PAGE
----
Hybrids: Computers, not just cars

A multi-university research team funded by the Department of Defense is working to combine computer memory functions typically performed by magnetic components and computer logic operations typically handled by semiconductor components into a hybrid material. The benefit would be faster and more compact machines that chow down less power and are less expensive to build.

“In this approach, the coupling between magnetic and non-magnetic components would occur via a magnetic field or flow of electron spin, which is the fundamental property of an electron and is responsible for most magnetic phenomena,” says Giovanni Vignale , a University of Missouri physics professor in the College of Arts and Science, in a statement. “The hybrid devices that we target would allow seamless integration of memory and logical function, high-speed optical communication and switching, and new sensor capabilities.”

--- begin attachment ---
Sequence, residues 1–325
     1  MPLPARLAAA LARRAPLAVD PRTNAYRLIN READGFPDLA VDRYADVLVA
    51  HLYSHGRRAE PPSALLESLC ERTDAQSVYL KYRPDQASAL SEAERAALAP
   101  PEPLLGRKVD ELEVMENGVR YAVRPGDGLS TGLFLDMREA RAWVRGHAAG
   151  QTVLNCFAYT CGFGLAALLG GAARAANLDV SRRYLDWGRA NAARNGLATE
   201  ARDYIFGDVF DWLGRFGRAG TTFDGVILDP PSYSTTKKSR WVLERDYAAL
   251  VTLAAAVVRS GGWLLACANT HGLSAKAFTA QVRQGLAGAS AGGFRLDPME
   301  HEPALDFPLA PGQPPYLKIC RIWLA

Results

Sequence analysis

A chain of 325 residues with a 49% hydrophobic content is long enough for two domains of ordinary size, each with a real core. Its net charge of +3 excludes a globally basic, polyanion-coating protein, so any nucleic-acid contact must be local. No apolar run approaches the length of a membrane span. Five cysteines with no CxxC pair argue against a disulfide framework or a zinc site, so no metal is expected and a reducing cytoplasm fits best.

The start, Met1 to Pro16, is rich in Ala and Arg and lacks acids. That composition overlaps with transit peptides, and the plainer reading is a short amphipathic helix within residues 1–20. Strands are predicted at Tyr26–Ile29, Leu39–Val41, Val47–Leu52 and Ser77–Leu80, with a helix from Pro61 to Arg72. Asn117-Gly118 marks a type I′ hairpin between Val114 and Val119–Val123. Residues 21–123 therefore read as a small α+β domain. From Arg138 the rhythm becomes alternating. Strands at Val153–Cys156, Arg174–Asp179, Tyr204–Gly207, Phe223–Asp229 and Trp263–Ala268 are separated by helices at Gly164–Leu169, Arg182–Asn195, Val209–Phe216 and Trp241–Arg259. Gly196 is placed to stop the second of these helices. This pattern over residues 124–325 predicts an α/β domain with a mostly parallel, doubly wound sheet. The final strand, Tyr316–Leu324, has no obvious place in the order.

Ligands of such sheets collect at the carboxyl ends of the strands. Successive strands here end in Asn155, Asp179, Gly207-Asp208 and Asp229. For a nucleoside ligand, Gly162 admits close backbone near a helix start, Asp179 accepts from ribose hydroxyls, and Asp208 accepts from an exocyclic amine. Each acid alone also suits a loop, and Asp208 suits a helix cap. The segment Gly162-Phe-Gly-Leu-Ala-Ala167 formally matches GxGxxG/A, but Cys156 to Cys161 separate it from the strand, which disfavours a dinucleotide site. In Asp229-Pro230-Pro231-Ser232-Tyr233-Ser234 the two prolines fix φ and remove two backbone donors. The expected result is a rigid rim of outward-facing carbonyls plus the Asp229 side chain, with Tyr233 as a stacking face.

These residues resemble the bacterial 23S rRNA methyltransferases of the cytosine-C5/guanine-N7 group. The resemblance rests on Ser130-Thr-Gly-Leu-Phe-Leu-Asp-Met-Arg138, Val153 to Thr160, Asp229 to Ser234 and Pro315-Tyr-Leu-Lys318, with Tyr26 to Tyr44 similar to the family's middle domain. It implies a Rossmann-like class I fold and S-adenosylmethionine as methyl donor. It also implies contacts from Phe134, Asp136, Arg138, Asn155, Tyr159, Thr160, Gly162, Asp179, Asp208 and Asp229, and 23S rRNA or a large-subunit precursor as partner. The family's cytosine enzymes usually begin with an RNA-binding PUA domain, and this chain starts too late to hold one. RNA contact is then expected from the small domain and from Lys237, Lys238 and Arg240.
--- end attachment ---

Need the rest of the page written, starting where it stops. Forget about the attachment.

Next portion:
The DoD awarded a $6.5 million grant to the University of Iowa for the project. In addition to the Iowa and Missouri schools, also working on the project are researchers from New York University, University of California at Berkeley and the University of Pittsburgh.

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